Christian Wolmar looks at urban consolidation centres as a solution to freight transportation
Bring the goods to a consolidation point on the outskirts of an urban centre, break down the loads and sort them into area-specific deliveries, in most cases only to retailers, which can then be taken ‘the last mile’ by vans, preferably electric, or even e-cargobikes.
The big benefit is that there will be fewer vans duplicating their journeys around city centres, greatly reducing congestion and cutting emissions.
Retailers can also benefit by knowing they will receive fewer deliveries which will save them staff costs.
This model has been tried in several places and is actually operating in a few, but there are both practical and financial barriers.
In the UK, the most successful example is in Bristol, which now also covers neighbouring Bath.
The urban consolidation centre (UCC) was set up with European Union support in 2002 and extended to Bath in 2011.
The scheme is managed by DHL and uses electric vans.
It serves around 100 clients in Bristol and Bath, about a fifth of which use the centre for the vast majority or all their deliveries.
Located on the old A4, near the motorways serving the region, the goods, which include a wide range other than perishable food, largely arrive in medium-sized trucks and are distributed using nine-tonne electric vans that can hold five tonnes of freight.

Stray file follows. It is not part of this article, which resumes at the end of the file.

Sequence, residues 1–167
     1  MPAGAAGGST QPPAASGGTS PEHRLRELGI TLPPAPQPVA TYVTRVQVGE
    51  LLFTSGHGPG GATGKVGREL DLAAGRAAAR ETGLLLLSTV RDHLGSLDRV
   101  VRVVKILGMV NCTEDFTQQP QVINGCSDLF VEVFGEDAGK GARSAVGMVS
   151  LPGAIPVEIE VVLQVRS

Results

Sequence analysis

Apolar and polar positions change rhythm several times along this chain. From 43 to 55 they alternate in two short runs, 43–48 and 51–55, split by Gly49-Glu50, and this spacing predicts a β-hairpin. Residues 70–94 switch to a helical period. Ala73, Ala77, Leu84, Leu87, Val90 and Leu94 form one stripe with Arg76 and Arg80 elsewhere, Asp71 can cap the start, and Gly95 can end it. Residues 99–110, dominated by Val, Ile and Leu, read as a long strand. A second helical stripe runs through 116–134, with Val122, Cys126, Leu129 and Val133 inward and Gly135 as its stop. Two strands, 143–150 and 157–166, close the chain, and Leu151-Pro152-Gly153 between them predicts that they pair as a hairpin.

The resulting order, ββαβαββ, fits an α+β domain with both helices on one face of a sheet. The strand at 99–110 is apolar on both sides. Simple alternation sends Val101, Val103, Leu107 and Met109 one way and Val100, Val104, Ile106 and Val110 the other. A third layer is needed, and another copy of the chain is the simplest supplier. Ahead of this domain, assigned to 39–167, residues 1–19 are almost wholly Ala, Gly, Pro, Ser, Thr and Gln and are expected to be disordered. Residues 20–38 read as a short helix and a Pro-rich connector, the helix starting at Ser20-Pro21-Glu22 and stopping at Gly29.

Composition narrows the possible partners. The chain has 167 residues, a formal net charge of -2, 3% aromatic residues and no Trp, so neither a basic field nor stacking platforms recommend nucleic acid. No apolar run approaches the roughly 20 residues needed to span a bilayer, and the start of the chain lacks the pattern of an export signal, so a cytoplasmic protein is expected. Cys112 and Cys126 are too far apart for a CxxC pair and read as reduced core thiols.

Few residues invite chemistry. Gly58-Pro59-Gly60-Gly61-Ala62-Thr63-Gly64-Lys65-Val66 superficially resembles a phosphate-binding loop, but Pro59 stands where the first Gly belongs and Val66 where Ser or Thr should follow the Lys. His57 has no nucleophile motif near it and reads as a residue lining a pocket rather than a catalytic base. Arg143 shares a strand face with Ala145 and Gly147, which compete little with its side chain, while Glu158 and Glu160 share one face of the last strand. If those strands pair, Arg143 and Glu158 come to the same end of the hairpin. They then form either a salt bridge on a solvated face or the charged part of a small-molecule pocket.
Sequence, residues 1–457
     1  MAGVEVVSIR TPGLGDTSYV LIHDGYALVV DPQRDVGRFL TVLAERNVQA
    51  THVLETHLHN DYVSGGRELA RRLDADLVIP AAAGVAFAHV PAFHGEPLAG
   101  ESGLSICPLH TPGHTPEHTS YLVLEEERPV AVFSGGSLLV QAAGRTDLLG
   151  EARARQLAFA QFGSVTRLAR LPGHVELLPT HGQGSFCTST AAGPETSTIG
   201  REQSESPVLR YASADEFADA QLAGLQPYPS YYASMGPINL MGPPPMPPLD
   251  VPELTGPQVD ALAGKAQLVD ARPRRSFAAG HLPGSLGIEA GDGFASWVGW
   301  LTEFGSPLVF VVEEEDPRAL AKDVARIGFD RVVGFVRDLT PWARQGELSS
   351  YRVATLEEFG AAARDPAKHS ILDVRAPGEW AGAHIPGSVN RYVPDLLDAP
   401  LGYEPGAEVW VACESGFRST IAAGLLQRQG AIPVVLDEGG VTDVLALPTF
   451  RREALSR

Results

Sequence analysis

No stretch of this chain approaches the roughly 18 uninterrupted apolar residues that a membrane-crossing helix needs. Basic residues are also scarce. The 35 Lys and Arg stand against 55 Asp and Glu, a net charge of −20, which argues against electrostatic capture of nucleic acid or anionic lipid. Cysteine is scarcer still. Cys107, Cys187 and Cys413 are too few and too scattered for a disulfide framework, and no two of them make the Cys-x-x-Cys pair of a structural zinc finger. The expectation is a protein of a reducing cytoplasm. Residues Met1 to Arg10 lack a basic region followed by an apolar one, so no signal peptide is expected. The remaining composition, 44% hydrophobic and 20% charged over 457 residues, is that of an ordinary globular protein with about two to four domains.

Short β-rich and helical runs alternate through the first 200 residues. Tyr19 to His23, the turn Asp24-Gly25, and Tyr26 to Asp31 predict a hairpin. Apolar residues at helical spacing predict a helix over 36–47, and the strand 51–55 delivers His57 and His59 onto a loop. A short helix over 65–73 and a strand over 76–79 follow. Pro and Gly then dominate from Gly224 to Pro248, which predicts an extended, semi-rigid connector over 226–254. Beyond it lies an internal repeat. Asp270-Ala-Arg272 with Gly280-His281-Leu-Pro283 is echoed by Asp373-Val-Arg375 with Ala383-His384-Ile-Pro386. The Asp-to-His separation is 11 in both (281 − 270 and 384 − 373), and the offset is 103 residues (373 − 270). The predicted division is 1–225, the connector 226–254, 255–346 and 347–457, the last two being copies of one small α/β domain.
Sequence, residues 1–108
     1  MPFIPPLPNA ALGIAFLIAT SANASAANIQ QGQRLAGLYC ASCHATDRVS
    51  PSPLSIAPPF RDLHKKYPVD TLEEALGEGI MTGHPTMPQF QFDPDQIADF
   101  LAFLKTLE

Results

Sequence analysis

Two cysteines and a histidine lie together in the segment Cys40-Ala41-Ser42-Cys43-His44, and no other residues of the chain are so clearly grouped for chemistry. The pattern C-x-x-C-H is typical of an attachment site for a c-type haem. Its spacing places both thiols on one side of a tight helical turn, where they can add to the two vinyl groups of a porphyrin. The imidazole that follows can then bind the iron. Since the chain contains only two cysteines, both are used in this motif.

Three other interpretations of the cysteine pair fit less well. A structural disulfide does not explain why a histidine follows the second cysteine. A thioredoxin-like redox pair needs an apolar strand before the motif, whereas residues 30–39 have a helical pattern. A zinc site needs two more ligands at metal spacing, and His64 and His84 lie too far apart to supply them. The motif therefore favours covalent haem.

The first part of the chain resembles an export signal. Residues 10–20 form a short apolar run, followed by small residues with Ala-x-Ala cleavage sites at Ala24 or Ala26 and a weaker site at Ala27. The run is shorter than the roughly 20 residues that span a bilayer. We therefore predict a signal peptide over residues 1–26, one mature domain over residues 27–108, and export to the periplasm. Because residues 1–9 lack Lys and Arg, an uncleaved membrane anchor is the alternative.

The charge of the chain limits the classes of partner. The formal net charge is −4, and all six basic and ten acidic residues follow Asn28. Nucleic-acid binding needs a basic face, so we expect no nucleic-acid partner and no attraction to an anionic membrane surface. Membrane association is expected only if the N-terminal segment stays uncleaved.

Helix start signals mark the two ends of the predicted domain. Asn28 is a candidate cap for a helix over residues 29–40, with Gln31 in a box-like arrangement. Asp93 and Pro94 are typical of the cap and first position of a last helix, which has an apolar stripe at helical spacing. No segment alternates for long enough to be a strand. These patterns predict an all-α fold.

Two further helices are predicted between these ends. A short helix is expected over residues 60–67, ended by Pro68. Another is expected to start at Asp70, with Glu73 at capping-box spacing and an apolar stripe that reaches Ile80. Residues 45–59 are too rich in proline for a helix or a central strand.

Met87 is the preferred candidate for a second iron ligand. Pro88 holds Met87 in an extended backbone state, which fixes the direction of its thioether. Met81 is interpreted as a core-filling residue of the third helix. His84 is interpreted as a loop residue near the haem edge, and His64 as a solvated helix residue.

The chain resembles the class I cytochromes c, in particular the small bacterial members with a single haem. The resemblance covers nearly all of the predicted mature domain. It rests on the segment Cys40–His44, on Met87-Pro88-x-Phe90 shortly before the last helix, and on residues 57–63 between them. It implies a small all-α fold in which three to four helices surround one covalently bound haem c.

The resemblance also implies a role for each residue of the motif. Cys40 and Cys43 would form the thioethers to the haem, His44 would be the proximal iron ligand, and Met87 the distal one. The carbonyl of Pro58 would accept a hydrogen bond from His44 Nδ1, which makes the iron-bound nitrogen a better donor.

There is widespread satisfaction with the scheme and no retailer has voluntarily left it since the start, despite the fact they have to pay a fee to take part.
Around Europe, this model has been tried but there are few examples of sustained viable operation.
There are different types, such as centres which serve a series of narrow streets in a historic town centre, or alternatively which serve a single large site such as an airport or shopping mall.
As the study into the Bristol scheme concludes: “Despite the benefits related to the reduction of HGVs and the improvement of livelihood of the city centre, it is far from obvious that UCCs are efficient and viable.
"Initial funding of the central or local government is necessary for feasibility studies and trials during the first time period.”
Moreover, while there are undoubted benefits to these schemes in terms of reduced environmental negativities, these are difficult to measure precisely.
Read Christian Wolmar's full article on the freight challenge and potential solutuions from the Smart Transport Journal